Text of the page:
different outlets in the city. Only retailers are allowed to buy from Metro and the
wholesaler operates just like a retail store.
d) Drop-shipment Wholesalers - These types of wholesalers do not handle goods; they
sell. But they collect orders from retailers and pass them on to manufacturers who
deliver the goods directly to retailers. They perform most of the wholesaling
function, with the exception of storage and handling. They are found in the cement,
iron, steel, and paper industry
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Retailing is a "trading activity directly related to the sale of goods and services to the
ultimate consumers for personal or non-business use." The party which does the retailing is
called the retailer. A retailer is the last link in the channel of distribution. He sells either
goods or services to the final consumer
Types of Retailers
As the name indicates, a store retailer sells the products to consumers through its retail
outlets. The various types of store retailers are:
a) General Stores: These stores are very common and offer a wide variety of unrelated
products. They fulfil the requirements of a large section of consumers. For example,
Sunday to Monday, FabMall, Food World, etc.
b) Convenience stores: These are stores located near residential areas. They store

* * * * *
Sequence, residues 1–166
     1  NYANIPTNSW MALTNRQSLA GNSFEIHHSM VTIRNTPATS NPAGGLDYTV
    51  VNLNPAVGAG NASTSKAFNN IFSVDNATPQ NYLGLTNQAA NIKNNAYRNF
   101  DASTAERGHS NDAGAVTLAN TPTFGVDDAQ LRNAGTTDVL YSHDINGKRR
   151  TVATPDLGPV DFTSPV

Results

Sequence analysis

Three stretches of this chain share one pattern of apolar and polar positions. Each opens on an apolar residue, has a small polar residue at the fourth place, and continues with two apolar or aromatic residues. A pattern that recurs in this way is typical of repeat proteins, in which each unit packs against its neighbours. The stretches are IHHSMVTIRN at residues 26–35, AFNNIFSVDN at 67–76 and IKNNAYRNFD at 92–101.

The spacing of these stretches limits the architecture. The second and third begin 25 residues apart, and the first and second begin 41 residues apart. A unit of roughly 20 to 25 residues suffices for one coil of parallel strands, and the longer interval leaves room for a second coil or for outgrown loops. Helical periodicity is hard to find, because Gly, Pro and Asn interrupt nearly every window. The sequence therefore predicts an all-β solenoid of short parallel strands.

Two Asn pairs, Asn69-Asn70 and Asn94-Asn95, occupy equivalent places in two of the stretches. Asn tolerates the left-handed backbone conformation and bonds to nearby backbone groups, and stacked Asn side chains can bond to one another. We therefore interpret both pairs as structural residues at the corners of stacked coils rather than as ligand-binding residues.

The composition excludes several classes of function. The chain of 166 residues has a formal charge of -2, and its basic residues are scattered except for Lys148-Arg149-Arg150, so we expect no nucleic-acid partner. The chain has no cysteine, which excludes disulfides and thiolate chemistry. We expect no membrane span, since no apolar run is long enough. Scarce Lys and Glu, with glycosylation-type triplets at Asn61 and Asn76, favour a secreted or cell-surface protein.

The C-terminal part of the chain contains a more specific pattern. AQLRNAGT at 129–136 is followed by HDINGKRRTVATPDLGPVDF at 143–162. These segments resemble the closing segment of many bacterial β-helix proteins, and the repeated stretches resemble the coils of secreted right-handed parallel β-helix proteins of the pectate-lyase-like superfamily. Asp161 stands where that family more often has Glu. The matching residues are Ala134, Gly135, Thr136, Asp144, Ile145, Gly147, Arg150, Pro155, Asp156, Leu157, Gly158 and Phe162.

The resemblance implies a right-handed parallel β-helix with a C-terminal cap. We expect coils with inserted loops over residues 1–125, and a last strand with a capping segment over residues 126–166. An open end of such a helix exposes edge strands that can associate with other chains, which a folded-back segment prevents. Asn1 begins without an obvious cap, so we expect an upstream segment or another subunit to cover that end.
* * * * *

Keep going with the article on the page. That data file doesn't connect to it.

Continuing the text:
provisions, vegetables, dairy products, etc. and often give one month's credit, are open
seven days a week with long working hours and home delivery facilities.
c) Speciality Stores: In this type of stores, goods of a particular variety are sold. These
dealers specialize and deal only in one line of gooks. For example, Exide Battery
showroom; it sells batteries for two, three and four wheelers.
Marketing Management 88
d) Specialized Departmental stores or Hypermarkets: This combines the principles of a
supermarket, departmental store, speciality shop and service shop in one giant sized
store. It has a wide collection of goods in one shopping mall. These types of shops are
called "one stop shops" and store food products, sport goods, garden products, dress
materials etc. For example, Big Bazaar.
e) Departmental stores: A departmental store is a huge retail shop situated at a central
place in the city, divided into a number of smaller shops or departments, each dealing
with one or two lines of goods and specializing in those lines. All such departments or
speciality stores are under one roof and under one management and control. This type
of department store is usually owned by one company as requires huge capital. For
e.g. Wills Life Style store, Shoppers Stop, etc. . .
f) Super market: a departmentalized retail establishment having four basic departments,
i.e. self service; grocery, meat produce and dairy plus other household items and doing
a maximum business. It may be entirely owner operated or have some of the
departments leased on a concession basis. Usually these stores are self service stores
and store lots of food and non-food products. The features of a super market are:
1. They are located in areas with ample parking facilities
2. They use mass displays of merchandise
3. Some shops have centralized security surveillance
4. They normally operate on a cash and carry basis, but credit cards and debit cards are
5. They make their appeal on the basis of low prices, selection of merchandise, wide
Marketing Management 89
6. They conduct customer surveys and also have a number of lucky draws, promotional
7. They operate largely on a self service basis
8. Supermarkets carry on retail trade with a speciality
g) Manufacturer's Own Stores: Manufacturers themselves organize retail stores for selling